On April 7, defendants Avalon, Lek Corp., and Samuel Lek filed motions in opposition of the SEC’s motion for a preliminary injunction.[23] These motions argued that the SEC should not be granted a preliminary injunction because it has not shown a likelihood, or even an inference, that Avalon violated any securities laws—namely, the SEC has neither provided sufficient evidence to establish that Avalon’s trading activity deviated from lawful high-frequency trading nor demonstrated manipulative intent.[24]

The Take-Aways
There has been speculation about whether, in light of President Trump’s promises to roll back the Dodd-Frank Wall Street Reform and Consumer Protection Act of 2010, the SEC and Commodity Futures Trading Commission (“CFTC”) would focus their enforcement efforts away from complex market-based violations like spoofing and layering. Also, market participants, enforcers, and observers are waiting to see whether the U.S. Court of Appeals for the Seventh Circuit will find the commodity futures spoofing statue unconstitutional in U.S. v. Michael Coscia,[25] but the CFTC and SEC still have anti-fraud rules that they have used and continue to use to prosecute spoofing.[26]

As recently as March 15, 2017, Trump nominee and Acting CFTC Chairman J. Christopher Giancarlo explained that an organizational restructuring within the agency “will strengthen [the CFTC’s] mission to identify and prosecute violations of law and regulation, such as spoofing, manipulation and fraud.”[27] In a March 30, 2017 speech, Acting Chairman Giancarlo stated:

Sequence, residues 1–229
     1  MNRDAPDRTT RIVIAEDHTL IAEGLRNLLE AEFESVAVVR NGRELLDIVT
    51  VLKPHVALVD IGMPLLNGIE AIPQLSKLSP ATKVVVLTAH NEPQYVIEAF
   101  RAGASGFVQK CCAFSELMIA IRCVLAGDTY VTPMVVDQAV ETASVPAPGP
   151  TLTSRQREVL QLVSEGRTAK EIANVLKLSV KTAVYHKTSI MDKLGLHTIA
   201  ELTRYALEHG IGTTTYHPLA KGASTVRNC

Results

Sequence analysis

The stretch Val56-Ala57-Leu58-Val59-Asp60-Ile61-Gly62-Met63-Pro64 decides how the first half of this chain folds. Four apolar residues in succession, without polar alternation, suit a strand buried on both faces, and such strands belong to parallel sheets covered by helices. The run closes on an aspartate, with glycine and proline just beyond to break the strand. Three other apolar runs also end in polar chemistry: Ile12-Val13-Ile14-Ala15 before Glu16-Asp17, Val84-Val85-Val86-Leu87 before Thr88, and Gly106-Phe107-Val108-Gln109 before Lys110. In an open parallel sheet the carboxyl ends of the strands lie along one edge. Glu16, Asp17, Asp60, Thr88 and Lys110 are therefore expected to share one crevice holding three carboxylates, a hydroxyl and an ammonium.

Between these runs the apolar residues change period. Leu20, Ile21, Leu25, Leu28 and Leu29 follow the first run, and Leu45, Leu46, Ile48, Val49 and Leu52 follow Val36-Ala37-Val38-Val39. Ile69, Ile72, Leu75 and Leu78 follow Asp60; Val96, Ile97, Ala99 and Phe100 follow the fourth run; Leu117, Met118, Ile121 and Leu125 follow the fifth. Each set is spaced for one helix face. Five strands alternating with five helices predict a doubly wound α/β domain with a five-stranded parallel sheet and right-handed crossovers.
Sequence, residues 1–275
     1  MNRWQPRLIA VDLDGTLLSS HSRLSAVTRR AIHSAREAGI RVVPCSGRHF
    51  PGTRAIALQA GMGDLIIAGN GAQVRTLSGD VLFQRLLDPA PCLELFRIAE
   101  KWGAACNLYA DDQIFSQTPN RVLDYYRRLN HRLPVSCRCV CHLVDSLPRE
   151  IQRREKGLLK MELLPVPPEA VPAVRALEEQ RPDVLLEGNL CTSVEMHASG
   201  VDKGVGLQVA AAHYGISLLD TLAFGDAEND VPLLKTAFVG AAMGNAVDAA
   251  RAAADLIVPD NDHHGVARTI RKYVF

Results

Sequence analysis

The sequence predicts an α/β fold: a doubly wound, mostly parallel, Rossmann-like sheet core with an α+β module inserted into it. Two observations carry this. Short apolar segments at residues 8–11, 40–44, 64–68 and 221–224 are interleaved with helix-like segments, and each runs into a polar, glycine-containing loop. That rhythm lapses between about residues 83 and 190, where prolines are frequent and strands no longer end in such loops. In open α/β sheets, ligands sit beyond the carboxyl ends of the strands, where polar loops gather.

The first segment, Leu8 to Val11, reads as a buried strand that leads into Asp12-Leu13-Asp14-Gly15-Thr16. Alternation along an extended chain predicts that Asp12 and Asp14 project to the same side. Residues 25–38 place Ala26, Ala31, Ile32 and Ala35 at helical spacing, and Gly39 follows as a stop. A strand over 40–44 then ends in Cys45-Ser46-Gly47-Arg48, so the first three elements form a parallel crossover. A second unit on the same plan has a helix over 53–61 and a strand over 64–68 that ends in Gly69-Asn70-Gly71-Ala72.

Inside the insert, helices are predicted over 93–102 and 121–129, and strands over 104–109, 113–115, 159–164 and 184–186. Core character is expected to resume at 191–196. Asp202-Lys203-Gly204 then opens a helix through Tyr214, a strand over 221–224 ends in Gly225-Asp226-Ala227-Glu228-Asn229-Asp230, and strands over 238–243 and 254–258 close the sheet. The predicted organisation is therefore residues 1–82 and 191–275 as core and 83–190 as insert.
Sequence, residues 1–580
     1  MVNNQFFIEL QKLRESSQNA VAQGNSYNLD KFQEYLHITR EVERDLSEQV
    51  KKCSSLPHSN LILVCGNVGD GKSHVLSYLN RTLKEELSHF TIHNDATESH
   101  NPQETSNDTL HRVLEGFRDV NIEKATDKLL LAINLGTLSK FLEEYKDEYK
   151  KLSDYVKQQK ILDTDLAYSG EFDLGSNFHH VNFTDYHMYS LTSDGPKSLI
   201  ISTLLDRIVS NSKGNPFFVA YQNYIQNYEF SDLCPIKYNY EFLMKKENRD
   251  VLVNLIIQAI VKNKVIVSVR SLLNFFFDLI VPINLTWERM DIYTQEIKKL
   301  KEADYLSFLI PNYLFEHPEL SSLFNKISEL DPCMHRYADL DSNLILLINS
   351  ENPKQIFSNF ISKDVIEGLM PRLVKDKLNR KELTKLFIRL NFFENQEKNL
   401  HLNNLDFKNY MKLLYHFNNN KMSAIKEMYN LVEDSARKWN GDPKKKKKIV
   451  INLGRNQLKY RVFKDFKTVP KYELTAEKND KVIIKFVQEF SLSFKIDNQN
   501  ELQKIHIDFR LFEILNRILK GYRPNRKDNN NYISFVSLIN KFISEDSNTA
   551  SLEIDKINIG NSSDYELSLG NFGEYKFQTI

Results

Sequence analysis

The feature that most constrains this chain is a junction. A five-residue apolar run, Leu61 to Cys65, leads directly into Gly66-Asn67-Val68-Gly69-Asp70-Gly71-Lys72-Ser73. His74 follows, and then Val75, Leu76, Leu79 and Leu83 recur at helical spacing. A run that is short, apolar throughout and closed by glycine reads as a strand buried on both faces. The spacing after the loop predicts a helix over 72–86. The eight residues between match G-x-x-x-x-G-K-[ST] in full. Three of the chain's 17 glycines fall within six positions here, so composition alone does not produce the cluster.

The appointment of Jamie McDonald as CFTC Director of Enforcement is a signal that market enforcement will remain aggressive and assertive under the Trump Administration. It is a sign to those who may seek to cheat or manipulate U.S. markets that there will be no pause, no let up and no relaxation in the CFTC’s mission to uncover and punish wrongdoing. [28]

Considering the statements of Acting Chairman Giancarlo, and the filing of the Lek case, it seems clear that the financial market regulators will continue to aggressively investigate and punish what they believe to be market-based frauds and manipulations like spoofing and layering.

[1] See the complaint, SEC v. Lek Securities Corporation, Samuel Lek, Vali Management Partners d/b/a Avalon FA Ltd, Nathan Fayyer, and Sergey Pustelnik a/k/a Serge Pustelnik, Case No. 17 CV 1789, (S.D.N.Y. March 10, 2017), available at

[2] Id. at ¶ 4.

[3] Id. at ¶ 1.

[4] The terms “layering” and “spoofing” are often used interchangeably to describe similar manipulative trading behavior—namely, offering to buy or sell a security or futures contract with the intent to cancel the order before it is executed. Layering, however, is a specific form of spoofing that involves placing multiple orders at different price levels, or “layers.”

[5] Clifford C. Histed, A Look At The 1st Criminal ‘Spoofing’ Prosecution: Part 1, Law 360, April 20, 2015,

[6] See SEC’s Release # 2015-4, “SEC Charges Canadian Man With Conducting Fraudulent Trading Scheme,” Jan. 13, 2015,

[7] Additionally, on March 27, 2017, FINRA, along with the New York Stock Exchange; NYSE Arca; NYSE MKT; the four Bats Exchanges, Bats BZX, Bats BYX, Bats EDGA, and Bats EDGX; Nasdaq; Nasdaq BX; and the International Securities Exchange, announced that they have commenced disciplinary proceedings against Lek Corp. and Samuel Lek for their involvement in the two manipulative trading schemes. This Release can be found at

[8] See complaint, supra note 1, at ¶ 35.

[9] Id. at ¶ 2.

[10] Id. at ¶ 40.

[11] Id. at ¶ 54.

[12] Id. at ¶ 57.

[13] Id. at ¶ 84.

[14] Id. at ¶ 59.